- Require tenants to leave their rental premises, in the same way, they found them, less normal wear and tear.
- Require tenants to make rent payments on time, every time.
- Enforce the terms of the lease agreement. For instance, enforce a late fee when the rent becomes late.
- Charge whatever amount of rent and raise it by whatever amount.
The following is a list of responsibilities for landlords in the state of North Carolina.
- Remove a tenant from their rental process via the judicial process.
- Abide by all terms of the lease agreement.
- Respond to maintenance requests within a reasonable period of time.
- Draft a legally binding rental agreement.
- Treat tenants fairly in accordance with the lease agreement.
- Ensure the property meets all the applicable safety and health codes.
Overview of the North Carolina Landlord-Tenant Law
Landlords have a legal right to enter their tenant’s rented premises. But while some other states set some minimum notice requirements, North Carolina doesn’t. As such, you can enter your tenant’s rented unit without notice.
To avoid potential harassment lawsuits, however, you may want to define the entry rules in the lease agreement.
The federal Fair Housing Act prohibits all forms of housing discrimination. It only exempts owner-occupied homes, housing operated by religious organizations, single-family homes sold or rented by the owner without the use of an agent, and private clubs with membership limits.
The act prohibits any form of discrimination toward tenants on the basis of 7 protected classes. That is race, color, nationality, religion, disability, gender, and familial status. There are no additional protections at the state level, unlike in some other states.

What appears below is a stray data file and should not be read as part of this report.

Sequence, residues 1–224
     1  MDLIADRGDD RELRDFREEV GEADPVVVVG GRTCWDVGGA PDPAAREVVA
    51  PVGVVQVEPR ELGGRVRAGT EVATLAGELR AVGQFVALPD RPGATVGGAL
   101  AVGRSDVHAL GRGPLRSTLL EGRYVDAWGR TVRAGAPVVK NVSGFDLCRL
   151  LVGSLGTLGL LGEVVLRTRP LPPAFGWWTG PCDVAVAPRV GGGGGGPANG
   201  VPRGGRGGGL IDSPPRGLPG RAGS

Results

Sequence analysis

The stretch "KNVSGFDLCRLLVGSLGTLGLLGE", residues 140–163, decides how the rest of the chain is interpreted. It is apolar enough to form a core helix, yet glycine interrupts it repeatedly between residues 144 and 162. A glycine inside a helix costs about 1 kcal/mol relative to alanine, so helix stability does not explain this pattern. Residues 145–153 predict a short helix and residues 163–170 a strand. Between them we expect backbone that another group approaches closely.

The North Carolina Office of Administrative Hearings’ Civil Rights Division is the government agency tasked with hearing housing discrimination complaints.
Currently, North Carolina law prohibits rent control at both the local and state level. So, as a landlord, you are free to charge whatever amount of rent you please. You can also raise it by whatever amount and without having any obligation to notify your tenant first.
A lease is legally binding, yes. But there may come a time when your tenant may need to break it - whether the reason is legally justified or not.
When not legally justified, you reserve the right to penalize the tenant for all due rent remaining under the lease. That said, please note that a North Carolina landlord has a duty to “mitigate damages” after a tenant leaves.
On the other hand, when the reason is legally justified, you must let the tenant off the hook in regard to rent payment. The following are the only legally justified reasons for tenants in the state of North Carolina.
- Active military duty, as per the Servicemembers Civil Relief Act.
- Landlord harassment
- Habitability violation
- The early termination clause in the lease
- Violation of the lease by the landlord
Alotta Properties is a full-service Fayetteville property management company you can trust! So, if you’re looking for help managing an investment property Get in touch today to learn how we can help.
Disclaimer: This blog isn’t intended to be a substitute for professional legal advice from a qualified attorney. If you have a question regarding North Carolina rental laws or any other aspect of being a landlord, then look no further than Alotta Properties.